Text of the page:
The God Election stories were an ongoing Lush For Life chronicle. The saga began with an article by Egbert Souse about God going to Dubuque, Iowa to help a nun dying of cervical cancer. Entitled “Man Kills God, Self”, a lone gunman shoots the Lord and kills him with a single round before turning the gun on himself.

After the huge negative response to the initial article, Lush For Life decided to continue the account with multiple stories chronicling the power vacuum left by God, the choice of successor, the election campaign of a new God and power struggles within certain factions of Earth, Heaven and Hell. The God Election series followed several fictional political campaigns of candidates nominated by different denominations of Christianity. Candidates included former basketball player Charles Barkley, retired late-night personality Tom Snyder, motivational speaker Anthony Robbins, television evangelists Jim Bakker and Joyce Meyer, the prophet Moses, Satan, and actor Craig T. Nelson. Reported in the style of political campaign reporting, the God Election series was extremely popular.

Fictional Reporters and Editors[edit]

James Avalon[edit]

Avalon apparently lives in Tampa, Florida, where he writes for Lush For Life and continues to pursue his lifelong passion of achieving heightened spiritual awareness through sensory deprivation. During summer, Avalon still finds time to go back to New Orleans, his hometown, where he still owns a condo in the historical French Quarter.[5]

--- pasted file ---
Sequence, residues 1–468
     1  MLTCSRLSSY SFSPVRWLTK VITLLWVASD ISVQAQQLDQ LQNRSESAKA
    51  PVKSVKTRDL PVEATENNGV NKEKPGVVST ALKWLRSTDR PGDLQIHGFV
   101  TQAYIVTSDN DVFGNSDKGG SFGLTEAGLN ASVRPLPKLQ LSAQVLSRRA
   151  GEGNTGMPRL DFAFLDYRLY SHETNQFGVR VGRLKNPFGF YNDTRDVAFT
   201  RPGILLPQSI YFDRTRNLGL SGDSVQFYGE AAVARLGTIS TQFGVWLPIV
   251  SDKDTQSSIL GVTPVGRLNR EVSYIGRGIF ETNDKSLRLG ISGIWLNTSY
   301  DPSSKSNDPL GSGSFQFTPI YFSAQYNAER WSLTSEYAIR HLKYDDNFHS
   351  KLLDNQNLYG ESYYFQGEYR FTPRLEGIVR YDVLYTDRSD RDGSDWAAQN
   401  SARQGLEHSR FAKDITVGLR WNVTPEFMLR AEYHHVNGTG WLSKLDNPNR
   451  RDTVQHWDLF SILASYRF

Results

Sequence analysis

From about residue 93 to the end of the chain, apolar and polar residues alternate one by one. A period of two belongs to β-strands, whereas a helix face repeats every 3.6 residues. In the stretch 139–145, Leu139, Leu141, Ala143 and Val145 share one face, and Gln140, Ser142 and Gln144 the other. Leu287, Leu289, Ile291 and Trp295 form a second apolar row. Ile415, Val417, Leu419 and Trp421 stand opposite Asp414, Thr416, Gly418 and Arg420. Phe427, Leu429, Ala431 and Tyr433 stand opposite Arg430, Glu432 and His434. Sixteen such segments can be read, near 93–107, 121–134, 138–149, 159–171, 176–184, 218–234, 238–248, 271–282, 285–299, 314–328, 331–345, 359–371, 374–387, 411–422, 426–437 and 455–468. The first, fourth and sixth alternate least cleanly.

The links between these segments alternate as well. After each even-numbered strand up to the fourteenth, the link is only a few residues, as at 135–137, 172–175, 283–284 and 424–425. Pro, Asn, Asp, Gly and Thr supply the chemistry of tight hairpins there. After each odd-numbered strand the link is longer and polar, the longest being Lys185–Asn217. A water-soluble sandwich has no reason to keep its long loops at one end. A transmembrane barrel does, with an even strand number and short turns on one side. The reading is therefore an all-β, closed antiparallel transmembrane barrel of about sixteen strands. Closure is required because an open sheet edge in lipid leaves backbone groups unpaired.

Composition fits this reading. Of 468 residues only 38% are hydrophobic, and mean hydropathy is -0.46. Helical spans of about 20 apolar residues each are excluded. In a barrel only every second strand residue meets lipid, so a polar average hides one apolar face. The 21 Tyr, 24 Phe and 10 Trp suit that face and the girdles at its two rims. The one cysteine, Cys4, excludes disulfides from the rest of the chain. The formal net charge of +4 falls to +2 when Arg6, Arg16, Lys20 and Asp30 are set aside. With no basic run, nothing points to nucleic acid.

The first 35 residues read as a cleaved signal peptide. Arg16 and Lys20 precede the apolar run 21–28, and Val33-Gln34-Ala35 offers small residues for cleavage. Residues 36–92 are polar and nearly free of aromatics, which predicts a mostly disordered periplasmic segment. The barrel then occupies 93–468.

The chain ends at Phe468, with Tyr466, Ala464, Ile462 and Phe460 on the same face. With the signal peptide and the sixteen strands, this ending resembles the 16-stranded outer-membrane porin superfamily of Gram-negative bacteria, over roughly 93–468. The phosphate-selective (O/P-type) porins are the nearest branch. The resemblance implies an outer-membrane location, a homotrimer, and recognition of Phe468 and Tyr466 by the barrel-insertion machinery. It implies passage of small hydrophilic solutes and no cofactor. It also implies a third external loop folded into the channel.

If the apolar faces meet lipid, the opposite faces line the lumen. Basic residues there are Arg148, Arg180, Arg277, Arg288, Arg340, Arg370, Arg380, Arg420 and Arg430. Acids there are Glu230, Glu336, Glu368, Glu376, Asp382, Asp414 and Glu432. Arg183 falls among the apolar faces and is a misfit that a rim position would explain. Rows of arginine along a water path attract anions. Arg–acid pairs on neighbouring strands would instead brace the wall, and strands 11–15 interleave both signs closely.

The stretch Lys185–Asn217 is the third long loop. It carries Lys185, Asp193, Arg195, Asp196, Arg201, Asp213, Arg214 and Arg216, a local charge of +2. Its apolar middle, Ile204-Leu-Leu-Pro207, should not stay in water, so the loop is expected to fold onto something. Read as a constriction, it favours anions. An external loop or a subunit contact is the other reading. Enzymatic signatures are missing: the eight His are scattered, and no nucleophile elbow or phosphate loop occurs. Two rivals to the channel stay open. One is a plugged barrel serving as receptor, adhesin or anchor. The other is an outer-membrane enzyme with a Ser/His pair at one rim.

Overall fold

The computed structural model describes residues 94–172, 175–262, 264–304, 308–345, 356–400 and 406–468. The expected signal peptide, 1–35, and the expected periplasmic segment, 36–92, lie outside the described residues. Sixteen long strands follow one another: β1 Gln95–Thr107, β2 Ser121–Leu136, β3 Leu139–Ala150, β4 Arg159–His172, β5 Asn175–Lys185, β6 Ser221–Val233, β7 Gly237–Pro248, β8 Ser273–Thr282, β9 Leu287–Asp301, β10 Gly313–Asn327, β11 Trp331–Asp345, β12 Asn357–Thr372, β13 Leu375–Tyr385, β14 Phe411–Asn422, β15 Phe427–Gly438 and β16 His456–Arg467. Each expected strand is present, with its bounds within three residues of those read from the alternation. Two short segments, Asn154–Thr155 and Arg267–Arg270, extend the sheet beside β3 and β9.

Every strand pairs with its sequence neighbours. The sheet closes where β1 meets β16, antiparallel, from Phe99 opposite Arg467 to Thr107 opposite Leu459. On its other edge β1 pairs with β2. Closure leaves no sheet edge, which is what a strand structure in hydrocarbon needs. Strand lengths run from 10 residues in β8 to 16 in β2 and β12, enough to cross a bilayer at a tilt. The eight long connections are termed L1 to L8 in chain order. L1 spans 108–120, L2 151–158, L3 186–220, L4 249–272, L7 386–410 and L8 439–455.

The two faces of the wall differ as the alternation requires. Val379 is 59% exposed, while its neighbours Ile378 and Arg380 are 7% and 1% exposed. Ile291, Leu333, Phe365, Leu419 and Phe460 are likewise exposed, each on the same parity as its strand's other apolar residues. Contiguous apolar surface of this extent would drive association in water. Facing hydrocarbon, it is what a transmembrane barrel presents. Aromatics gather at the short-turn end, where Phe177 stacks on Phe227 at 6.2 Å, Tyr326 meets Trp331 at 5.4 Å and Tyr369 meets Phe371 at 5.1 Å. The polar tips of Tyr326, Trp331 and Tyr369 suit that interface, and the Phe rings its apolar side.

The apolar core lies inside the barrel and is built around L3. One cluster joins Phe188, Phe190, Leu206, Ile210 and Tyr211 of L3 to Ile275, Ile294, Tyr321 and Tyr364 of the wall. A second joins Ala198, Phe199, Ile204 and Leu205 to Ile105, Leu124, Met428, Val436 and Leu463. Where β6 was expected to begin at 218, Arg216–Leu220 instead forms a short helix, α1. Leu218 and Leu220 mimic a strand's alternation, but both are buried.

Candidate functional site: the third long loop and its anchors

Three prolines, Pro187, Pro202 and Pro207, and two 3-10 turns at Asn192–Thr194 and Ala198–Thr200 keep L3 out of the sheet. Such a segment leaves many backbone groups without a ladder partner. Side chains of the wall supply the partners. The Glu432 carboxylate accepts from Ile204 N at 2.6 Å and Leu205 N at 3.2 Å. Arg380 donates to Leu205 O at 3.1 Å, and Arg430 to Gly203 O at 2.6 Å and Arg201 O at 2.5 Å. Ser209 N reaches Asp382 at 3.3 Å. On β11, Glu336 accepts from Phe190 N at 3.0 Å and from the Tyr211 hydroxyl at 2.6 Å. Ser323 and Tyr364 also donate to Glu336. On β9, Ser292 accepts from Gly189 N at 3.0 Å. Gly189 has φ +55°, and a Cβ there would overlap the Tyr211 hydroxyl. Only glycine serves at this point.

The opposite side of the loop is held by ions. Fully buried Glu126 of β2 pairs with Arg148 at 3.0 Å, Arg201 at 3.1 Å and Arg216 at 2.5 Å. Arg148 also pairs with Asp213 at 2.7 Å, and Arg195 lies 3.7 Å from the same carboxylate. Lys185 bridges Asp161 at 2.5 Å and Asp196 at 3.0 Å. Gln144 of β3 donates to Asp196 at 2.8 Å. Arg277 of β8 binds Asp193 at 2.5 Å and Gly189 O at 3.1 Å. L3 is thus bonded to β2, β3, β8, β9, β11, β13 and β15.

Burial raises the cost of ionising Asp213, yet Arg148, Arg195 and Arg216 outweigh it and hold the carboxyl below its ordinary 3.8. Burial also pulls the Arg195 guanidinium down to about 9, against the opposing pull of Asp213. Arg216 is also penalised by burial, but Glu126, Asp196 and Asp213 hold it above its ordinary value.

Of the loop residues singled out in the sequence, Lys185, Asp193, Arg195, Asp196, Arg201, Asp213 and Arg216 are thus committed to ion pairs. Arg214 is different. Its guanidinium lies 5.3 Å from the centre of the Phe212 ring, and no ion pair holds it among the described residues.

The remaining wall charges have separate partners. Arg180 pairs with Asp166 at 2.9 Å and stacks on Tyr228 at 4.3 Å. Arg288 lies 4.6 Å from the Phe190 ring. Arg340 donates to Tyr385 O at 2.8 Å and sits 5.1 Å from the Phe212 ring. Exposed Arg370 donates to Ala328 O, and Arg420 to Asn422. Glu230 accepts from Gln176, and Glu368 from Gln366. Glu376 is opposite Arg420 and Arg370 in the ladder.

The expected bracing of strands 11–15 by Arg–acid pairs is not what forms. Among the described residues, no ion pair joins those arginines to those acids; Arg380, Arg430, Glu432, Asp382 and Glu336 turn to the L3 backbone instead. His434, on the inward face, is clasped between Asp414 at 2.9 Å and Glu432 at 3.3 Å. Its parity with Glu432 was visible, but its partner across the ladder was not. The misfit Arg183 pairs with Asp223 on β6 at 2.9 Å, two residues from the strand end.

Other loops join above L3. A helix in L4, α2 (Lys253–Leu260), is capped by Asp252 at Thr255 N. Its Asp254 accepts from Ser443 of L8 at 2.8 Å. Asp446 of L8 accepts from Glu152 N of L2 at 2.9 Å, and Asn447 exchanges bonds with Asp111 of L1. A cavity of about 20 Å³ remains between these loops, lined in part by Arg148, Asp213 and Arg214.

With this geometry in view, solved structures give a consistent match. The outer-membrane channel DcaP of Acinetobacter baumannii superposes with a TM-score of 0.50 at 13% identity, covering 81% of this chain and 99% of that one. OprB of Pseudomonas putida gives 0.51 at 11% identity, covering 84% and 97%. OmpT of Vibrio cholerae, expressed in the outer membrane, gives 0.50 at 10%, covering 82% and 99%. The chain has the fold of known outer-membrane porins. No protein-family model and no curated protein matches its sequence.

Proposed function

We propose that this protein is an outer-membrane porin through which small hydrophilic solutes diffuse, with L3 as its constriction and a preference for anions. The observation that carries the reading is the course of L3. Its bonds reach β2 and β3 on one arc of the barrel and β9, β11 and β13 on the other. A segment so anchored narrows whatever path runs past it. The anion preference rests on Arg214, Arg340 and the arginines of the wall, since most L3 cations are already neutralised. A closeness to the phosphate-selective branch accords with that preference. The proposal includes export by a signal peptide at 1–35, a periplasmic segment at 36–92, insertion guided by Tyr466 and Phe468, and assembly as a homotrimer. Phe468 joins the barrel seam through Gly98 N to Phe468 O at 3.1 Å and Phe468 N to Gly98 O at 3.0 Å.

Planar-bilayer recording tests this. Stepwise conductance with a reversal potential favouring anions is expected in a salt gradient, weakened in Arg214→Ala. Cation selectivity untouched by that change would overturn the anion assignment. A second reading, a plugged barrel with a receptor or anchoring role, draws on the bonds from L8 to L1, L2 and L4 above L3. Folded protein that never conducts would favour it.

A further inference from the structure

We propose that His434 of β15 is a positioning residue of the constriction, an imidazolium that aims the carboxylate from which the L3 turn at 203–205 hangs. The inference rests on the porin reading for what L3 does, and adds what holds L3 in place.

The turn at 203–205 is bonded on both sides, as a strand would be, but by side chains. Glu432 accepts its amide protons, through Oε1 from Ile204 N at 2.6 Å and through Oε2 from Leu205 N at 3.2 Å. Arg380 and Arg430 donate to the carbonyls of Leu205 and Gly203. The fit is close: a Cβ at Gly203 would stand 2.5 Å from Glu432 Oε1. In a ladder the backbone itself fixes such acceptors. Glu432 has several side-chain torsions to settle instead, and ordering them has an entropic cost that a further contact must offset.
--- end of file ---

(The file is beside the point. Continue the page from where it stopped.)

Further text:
Danny Albertson[edit]

Lush For Life's Sports Editor, Albertson apparently lives in Tampa, Florida, where he works for Lush For Life, and spends his off time between his studio apartment in New York City and his cabin in the Everglades, where he poaches alligators on board his full-sized airboat and distills his own bourbon whiskey in his backyard swamp.[6]

Egbert Sousè[edit]

Dr. Sousè is Editor in Chief of Lush For Life. When not working, Dr. Sousè apparently enjoys spending his leisure time at the local horse tracks, where he places two dollar bets and attempts to make contact with extra-terrestrial life. He currently lives in Tampa, Florida, and during summer he resides at his remote villa in Key West, Florida, where he enjoys drinking home-made Absinthe while he continues to complete his Great American Novel.[7]

Duncan Idaho[edit]

Mr. Idaho is the Managing Director of Lush For Life. When he’s not running the business and writing, he enjoys playing golf at St. Andrew’s in Scotland, and supervising the development of his family’s winery, Ross-Munro Vineyards, in South Africa. During the summer months, he resides on board his luxurious full-sized yacht off the coast of Hong Kong, snorting cocaine off the breasts of $10,000 female escorts while further developing his off-shore contacts with Japanese and Chinese businessmen. [8]

Edward Payne[edit]

Hoping to create the world’s first perfect FemBot, Mr. Payne apparently achieved Master's degrees in Artificial Intelligence and Linguistics. After the government pulled his funding, he took a position as a part-time correspondent with Lush For Life. He continues to travel the globe, establishing numerous contacts for microchips and silicon enhancements on all seven continents. He resides in Berlin during the summer months, while also making monthly visits to Lush For Life's secondary base on the planet Mars.[9]

Gale Force[edit]